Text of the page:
‘What has President Trump’s travel ban achieved? Initially amazement and confusion, now as it is enforced extreme hardship precisely for those to whom we should be offering hope and a chance of a new life. Opposition to this decision goes beyond any political agenda, it is being rejected by those who clearly see that with this ban justice is being violated and hardship wilfully imposed.

‘Those who have the welfare of all humanity, especially refugees, at heart, must continue to let President Trump know that his protectionist policies are not the way forward. These policies do not correspond with the rest of the world’s attempt to alleviate the hardship of those who are long familiar with violence, fear and impoverishment.

‘One of the principles of Catholic social teaching is solidarity and the promotion of peace. Never was there a better time to proclaim it.  Those who believe in it will feel obliged to oppose President Trump’s policies, the proposed wall between Mexico and the US, and now the travel ban.’

President Trump issued the executive order entitled, ‘Protecting the Nation From Foreign Terrorist Entry Into the United States’, on Friday 27 January, International Holocaust Memorial Day.

The executive order suspends the refugee admission programme for 120 days and prioritises refugee claims of religious-based persecution, provided it is a minority religion in the individual’s country of nationality. It halts the admission of Syrian refugees and restricts entry to no more than 50,000 refugees in the fiscal year 2017.

The executive order further imposes a travel ban on nationals from a number of countries of ‘particular concern’ (seven, predominately Muslim, countries have been named) and introduces a vetting system for everybody entering the US.

This statement originally appeared on the Diocese of Westminster website, www.rcdow.org.uk

FCO Reply to Postcards for Palestine Campaign

The Foreign and Commonwealth Office has issued a reply to our Postcards for Palestine Campaign, which is appended in full below.

Reflecting on the FCO’s response, the Israel-Palestine Subcommittee would note that while the Government’s position appears very strong, there is no evidence that their position has had any meaningful effect to uphold the rights of the Palestinian people. It is beyond understanding that human rights can be so blatantly denied, and that nothing further, apparently, can be done in the way of international pressure.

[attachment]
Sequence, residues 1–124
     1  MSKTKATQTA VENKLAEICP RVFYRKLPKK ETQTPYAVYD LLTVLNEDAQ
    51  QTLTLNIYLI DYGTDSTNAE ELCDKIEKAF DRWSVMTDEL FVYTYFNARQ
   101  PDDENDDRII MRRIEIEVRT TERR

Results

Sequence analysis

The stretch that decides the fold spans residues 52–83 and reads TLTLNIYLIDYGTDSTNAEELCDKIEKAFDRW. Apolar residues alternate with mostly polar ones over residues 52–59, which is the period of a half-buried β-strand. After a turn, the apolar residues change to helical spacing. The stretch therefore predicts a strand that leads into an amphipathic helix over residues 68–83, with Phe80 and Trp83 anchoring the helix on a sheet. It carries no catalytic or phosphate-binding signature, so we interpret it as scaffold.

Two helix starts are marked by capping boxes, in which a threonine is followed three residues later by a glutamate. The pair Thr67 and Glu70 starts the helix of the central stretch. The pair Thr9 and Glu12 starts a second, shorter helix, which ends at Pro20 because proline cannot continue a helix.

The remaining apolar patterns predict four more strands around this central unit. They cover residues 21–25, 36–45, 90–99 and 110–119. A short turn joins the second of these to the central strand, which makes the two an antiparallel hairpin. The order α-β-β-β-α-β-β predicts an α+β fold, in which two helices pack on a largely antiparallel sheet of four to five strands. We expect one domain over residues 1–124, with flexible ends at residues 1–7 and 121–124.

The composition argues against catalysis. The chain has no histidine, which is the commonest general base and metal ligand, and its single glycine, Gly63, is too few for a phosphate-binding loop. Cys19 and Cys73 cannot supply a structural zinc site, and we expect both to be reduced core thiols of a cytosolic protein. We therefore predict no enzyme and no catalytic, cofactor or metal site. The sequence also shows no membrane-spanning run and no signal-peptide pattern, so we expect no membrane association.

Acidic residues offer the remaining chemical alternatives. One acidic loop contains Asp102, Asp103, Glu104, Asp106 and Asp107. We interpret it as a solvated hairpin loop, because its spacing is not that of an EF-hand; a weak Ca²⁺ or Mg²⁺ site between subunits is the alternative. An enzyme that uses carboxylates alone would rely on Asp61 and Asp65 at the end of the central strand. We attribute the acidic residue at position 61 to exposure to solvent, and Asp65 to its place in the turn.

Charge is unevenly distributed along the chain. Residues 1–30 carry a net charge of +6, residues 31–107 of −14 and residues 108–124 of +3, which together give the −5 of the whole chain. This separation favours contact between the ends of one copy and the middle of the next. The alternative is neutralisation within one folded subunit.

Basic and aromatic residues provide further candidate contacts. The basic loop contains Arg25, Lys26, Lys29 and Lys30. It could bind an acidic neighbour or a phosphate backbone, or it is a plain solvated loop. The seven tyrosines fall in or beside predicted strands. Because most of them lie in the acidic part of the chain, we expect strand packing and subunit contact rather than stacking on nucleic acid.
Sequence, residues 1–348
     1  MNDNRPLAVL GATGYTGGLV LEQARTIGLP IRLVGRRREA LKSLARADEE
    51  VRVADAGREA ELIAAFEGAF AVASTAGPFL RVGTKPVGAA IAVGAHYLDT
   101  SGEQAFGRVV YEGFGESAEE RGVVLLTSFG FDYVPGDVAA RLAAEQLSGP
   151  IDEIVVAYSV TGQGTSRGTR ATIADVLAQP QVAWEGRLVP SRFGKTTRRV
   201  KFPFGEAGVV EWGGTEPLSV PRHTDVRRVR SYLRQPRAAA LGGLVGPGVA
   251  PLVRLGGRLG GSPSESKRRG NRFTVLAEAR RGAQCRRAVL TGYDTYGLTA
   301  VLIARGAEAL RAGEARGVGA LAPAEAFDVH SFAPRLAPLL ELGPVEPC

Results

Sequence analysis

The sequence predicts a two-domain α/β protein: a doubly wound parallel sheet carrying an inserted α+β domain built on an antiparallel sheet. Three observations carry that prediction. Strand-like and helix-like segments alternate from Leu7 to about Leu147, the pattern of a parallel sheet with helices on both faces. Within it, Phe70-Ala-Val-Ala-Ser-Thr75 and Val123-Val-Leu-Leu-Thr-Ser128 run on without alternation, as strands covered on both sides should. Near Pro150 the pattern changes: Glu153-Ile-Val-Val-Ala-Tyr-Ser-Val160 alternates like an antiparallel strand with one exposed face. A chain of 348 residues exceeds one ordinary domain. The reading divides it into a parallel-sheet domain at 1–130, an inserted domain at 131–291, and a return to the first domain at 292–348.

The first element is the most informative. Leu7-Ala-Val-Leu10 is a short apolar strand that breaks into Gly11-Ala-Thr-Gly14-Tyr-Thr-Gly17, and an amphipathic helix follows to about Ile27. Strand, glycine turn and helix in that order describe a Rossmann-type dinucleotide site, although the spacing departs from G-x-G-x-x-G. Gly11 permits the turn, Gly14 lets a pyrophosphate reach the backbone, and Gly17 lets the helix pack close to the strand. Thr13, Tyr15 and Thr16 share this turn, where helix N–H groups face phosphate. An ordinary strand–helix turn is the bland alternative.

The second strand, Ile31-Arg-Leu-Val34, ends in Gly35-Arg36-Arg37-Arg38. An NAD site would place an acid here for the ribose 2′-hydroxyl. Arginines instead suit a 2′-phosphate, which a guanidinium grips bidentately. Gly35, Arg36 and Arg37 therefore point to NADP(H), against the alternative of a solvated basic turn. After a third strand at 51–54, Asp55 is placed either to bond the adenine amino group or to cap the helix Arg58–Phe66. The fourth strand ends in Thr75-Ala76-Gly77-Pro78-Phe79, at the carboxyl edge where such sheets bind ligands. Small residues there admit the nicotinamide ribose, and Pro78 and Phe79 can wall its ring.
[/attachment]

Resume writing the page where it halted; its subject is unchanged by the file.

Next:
To quote the FCO’s letter:

“We have regular dialogue with the Government of Israel with regard to the implementation of their obligations under international law, and regularly and robustly raise our serious concerns on issues relating to Israeli actions in the [Occupied Palestinian Territories].”

Dialogue is welcome and necessary, but some serious action is needed. The situation is not so complex that a solution is obscure. Put simply, there is an oppressor, and despite many attempts at peace talks, nothing has substantially changed. In fact, as the FCO admits, in spite of rulings from the international community and from Israel’s own court system, Israeli demolitions and wall construction has accelerated. The FCO expresses “concern” over demolitions, but again, it does not advance any action beyond “raising concern” with Israeli authorities.

The FCO also extends support for a two-state solution.We did not propose a two-state solution in our campaign, and while this may well be a way of supporting the rights of Palestinians in the region, our present interest is with the State of Israel’s responsibility to advocate for everyone within their current borders, regardless of their race, culture, or creed. It is very possible, even likely, given the current positions of the Israeli government, that the rights of Arab Christians and Muslims living in Israel would remain tenuous if Israel’s borders were changed. If the principles behind a two-state solution are not carefully assessed, this may also give tacit support to the exclusion walls which have divided Palestinian communities and families, including the Christian community in Cremisan.